Home Federal Reserve Over-Fed but Malnourished – David Haggith (05/10/2021)

Over-Fed but Malnourished – David Haggith (05/10/2021)

Official portrait of Governor Jerome H. Powell. Mr. Powell took office on May 25, 2012, to fill an unexpired term ending January 31, 2014. For more information, visit http://www.federalreserve.gov/aboutthefed/bios/board/powell.htm


Is the inflation I’ve been writing about really all just transitory as Papa Powell claims it is? The Fed Head assures us he has this under control. Would that be just like Father Fed and friends had bank reserves under control right before the repo crisis blew up in late 2019? Or just like they had their Great Rewind under control right before the stock market imploded in late 2018 due to Fed tightening that was promised to be as boring as watching paint dry?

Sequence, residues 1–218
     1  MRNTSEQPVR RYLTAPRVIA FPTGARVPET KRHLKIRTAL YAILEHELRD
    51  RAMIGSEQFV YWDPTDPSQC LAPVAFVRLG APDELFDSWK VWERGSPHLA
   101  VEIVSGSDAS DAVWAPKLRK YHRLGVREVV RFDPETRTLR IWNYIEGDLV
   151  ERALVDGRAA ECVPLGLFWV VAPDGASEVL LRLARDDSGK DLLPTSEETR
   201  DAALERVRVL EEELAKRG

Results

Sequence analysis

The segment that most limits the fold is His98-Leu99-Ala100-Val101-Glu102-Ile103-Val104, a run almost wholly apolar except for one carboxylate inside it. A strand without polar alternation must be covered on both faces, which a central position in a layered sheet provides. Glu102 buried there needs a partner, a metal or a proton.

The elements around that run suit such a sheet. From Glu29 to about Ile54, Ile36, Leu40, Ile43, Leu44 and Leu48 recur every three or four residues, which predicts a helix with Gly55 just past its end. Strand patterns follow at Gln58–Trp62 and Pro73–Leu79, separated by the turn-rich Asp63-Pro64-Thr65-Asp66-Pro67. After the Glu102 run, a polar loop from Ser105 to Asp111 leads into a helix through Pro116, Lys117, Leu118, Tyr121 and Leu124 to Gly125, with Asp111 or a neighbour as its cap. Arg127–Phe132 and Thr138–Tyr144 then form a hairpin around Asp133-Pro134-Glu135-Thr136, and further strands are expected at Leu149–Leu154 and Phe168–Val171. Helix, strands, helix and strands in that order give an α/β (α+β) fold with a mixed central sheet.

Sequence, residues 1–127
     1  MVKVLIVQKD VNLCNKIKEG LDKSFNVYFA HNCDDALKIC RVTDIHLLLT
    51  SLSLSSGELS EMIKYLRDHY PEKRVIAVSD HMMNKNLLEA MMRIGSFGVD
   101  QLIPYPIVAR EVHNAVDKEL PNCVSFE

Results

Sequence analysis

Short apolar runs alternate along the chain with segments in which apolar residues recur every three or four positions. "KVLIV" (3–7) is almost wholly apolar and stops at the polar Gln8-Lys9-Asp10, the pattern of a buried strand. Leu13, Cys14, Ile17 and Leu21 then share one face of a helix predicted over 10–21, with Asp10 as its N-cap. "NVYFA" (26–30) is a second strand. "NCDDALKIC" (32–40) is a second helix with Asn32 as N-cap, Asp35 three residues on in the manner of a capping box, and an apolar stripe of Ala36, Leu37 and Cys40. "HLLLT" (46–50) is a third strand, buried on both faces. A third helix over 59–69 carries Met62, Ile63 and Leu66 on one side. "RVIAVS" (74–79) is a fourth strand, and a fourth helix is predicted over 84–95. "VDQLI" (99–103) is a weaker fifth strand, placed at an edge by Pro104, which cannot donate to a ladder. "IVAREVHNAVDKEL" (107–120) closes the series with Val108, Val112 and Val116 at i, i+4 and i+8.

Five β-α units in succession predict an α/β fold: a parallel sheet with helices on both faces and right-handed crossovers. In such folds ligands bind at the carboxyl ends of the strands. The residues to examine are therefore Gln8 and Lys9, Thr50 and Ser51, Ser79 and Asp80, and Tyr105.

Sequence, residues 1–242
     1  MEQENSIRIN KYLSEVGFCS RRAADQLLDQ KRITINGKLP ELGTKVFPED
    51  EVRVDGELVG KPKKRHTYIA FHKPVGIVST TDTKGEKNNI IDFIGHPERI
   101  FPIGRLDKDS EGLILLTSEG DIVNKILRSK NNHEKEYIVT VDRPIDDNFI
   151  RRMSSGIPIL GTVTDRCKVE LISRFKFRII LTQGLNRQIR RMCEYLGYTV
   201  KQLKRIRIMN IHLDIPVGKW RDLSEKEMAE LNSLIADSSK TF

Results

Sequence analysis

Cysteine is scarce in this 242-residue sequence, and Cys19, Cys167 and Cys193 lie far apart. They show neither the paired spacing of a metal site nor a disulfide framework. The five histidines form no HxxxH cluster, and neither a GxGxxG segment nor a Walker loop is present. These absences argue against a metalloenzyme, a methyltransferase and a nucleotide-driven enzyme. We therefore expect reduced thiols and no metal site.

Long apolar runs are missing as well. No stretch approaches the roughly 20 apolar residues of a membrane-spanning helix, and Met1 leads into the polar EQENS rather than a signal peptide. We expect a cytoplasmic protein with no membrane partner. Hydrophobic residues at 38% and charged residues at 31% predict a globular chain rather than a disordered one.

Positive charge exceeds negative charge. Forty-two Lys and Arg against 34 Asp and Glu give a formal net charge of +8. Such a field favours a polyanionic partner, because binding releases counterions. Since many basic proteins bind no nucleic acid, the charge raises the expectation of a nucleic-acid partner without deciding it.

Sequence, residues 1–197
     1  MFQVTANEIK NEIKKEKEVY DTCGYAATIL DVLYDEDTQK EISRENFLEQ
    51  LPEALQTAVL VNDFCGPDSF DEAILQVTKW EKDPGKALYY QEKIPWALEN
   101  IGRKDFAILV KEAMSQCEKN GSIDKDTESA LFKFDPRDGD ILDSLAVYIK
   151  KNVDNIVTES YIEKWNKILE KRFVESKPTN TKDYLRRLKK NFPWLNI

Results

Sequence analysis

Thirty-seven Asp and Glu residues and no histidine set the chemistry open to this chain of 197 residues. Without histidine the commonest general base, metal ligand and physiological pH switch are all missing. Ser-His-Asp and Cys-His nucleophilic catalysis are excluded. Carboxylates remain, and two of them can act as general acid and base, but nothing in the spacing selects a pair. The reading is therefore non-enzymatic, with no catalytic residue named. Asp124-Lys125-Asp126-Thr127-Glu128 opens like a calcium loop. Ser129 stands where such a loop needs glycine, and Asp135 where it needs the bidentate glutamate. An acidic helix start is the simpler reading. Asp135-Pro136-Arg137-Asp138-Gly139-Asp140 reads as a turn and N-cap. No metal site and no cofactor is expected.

Or just like Janet Yellen, the author of paint-by-numbers boredom, now has everything under control, except apparently her yellin’ mouth:

Treasury Secretary Janet Yellen sent markets into a tizzy on Tuesday when she said interest rates may have to rise to keep the economy from overheating with all the government stimulus. But later in the day, she walked those comments back, claiming inflation isn’t going to be a problem and insisting that she wasn’t suggesting or predicting rate hikes.

Shiff Gold

The important thing to observe here is not Yellen’s statement, which was really not yelling at all, but a whisper that the market responded to as if she yelled. Look, instead, at what her little statement wound up revealing about the Fed’s control of inflation. It proved in real time that, if someone who is not even part of the Fed anymore even HINTS that interest rates MAY have start to rise, the stock market, being utterly Fed-up and Fed-dependent, will immediately implode … just as it did when Powell announced that Fed tightening, long underway, would go on indefinite autopilot in October of 2018.